After the 7th grade, school became fun and I looked forward to it. I think maybe that having an extra couple of years under my belt helped. Science was fun with Bill Pohll teaching science and math. He was also the P.E. teacher and coach but having lost my right eye and part of my finger, I didn’t participate in sports.

Sam Porter was the shop teacher having come to Bly School after Mr. Grieves left the shop (he was the one teaching when I cut off my finger).

Mr. Porter was a great person and teacher and he had a beautiful wife, Joyce, who taught home economics and typing. I remember taking typing from her and attribute my typing ability to her teaching. Mrs. Porter was the most beautiful lady I had ever seen and I along with most every other boy in school was madly in love with her. She couldn’t do anything wrong.

Another teacher was Mr. Bunton who taught history. I guess he was OK but he always reeked of garlic. He lived alone across from the school and you could see him sitting in his kitchen in the evening eating a salad that was laced with garlic. He was also a great wielder of the paddle. He had a bad leg so wouldn’t take the kid out into the hall, he would just stand him up in front of the class and let go with as many hacks as he deemed necessary to fit the occasion. Somehow they hurt worse than those administered by Mr. Graham.

Two teachers stick out in my mind and I will never forget them. One was Pretoria Bell, who taught English, speech and some typing. I give her credit for giving me the ability, such as it is, to write and use proper grammar. I don’t believe today’s kids ever learn how to diagram a sentence or the proper parts of speech. In her class you had to learn these or you wouldn’t pass. Mrs. Bell also taught me to print the school newspaper, The Pine Cone.
Mrs. Bell dug out an old mimeograph and it wasn’t long before Doyle and I were putting out a monthly paper. I give her credit for my going into the printing business where I stayed for over 40 years.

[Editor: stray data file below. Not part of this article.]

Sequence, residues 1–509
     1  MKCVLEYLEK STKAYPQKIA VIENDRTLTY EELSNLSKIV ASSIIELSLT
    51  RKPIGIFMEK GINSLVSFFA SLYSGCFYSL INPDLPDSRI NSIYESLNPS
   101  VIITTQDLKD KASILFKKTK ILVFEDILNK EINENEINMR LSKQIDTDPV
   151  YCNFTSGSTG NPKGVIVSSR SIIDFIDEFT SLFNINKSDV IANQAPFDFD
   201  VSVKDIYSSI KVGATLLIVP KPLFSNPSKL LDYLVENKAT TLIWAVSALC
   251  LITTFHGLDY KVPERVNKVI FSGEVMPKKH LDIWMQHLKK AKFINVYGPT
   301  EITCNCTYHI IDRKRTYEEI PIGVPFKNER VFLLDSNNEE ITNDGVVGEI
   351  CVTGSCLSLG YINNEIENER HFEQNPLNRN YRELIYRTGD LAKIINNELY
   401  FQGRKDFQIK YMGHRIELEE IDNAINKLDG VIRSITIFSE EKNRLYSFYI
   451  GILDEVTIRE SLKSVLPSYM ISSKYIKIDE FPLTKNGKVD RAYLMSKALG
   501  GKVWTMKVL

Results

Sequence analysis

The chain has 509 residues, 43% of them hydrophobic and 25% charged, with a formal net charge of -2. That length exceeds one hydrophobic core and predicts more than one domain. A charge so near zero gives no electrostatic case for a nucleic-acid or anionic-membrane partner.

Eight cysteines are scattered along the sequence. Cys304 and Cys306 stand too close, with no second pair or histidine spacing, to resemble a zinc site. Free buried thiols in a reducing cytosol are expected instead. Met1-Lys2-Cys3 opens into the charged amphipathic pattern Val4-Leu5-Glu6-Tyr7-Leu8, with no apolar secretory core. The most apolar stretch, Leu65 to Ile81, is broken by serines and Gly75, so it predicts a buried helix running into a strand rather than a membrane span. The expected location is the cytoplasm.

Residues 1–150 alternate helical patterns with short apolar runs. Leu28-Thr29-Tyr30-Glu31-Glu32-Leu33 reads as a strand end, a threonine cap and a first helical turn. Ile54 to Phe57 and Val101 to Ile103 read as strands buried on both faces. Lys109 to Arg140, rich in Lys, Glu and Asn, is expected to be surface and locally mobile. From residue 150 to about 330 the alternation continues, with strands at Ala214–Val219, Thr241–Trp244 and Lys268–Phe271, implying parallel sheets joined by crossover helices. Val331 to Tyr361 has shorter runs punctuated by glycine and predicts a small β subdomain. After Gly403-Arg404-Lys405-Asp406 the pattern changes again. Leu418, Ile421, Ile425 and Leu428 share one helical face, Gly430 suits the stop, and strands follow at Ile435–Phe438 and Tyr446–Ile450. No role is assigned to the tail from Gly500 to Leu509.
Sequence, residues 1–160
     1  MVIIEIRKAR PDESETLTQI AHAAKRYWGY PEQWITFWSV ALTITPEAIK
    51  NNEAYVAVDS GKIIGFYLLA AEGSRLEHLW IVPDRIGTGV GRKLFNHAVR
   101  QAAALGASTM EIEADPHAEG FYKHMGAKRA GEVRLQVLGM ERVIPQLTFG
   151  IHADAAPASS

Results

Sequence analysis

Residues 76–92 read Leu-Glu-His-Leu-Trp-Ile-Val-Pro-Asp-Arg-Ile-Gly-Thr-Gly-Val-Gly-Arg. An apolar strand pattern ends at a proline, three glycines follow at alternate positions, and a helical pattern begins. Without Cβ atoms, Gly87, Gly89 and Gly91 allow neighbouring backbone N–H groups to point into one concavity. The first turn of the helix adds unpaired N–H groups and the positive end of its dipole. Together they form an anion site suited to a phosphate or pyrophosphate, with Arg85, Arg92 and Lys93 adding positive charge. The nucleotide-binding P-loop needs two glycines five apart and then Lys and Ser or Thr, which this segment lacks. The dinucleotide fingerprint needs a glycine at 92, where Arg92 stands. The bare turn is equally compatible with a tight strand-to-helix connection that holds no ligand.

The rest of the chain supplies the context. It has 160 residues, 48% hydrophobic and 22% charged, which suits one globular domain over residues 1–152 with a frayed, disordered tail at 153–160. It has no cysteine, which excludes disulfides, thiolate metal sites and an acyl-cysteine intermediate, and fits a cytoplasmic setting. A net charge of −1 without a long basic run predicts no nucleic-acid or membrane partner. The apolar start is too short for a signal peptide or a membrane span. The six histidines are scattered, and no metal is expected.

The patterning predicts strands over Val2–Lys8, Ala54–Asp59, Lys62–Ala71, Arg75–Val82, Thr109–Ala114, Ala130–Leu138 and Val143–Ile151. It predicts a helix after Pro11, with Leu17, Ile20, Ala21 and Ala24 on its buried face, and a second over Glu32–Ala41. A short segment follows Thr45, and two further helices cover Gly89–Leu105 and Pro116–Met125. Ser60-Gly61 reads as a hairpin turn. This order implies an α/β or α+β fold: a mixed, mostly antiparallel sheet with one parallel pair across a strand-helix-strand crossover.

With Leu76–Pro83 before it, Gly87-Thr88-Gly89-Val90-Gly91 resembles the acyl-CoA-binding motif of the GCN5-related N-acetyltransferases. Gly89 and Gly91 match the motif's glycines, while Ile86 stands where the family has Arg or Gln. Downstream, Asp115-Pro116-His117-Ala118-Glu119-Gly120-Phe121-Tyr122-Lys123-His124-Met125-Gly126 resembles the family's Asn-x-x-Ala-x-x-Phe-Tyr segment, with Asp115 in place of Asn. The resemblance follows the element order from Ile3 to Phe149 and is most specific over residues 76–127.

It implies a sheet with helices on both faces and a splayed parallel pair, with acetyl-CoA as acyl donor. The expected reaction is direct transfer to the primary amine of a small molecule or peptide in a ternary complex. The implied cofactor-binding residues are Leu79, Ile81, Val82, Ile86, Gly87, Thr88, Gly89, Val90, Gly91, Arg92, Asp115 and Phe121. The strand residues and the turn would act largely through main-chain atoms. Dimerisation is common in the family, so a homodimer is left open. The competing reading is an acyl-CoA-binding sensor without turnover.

The other teacher who will forever be with me was Ruth Obenchain. Mrs. Obenchain taught drama and music. She taught in Bly School for many years. I don’t remember what else she taught but I know she taught glee club. Almost every kid in junior high and high school took glee club from her and I still remember and sing some of the songs she taught us.

There were teachers who you tolerated and some you respected. Mrs. Obenchain was one who commanded the utmost respect. Most teachers were, at times, referred to as “Old Lady or Old Man so and so” but she was not one of those. I never heard anyone refer to her as “Old Lady Obenchain”. She was always Mrs. Obenchain and always will be. Mrs. Obenchain was also a strict disciplinarian but never had to use the paddle. All it took was a stern word or look from her and you got right back in line. I can’t remember her ever sending a student to the principal. What a lady!

Earl Graham left after my junior year along with his paddle. The next year, we had a new principal, Mr. James Chance. What a change he was. It was his first year as a principal and was a learning experience for him as well as us. He came to Bly from Bonners Ferry, Idaho and knew the ways of a small school. He was very well liked by everyone and a welcome change from Mr. Graham (no more smoking back sides). I will write more about him later.

To be continued...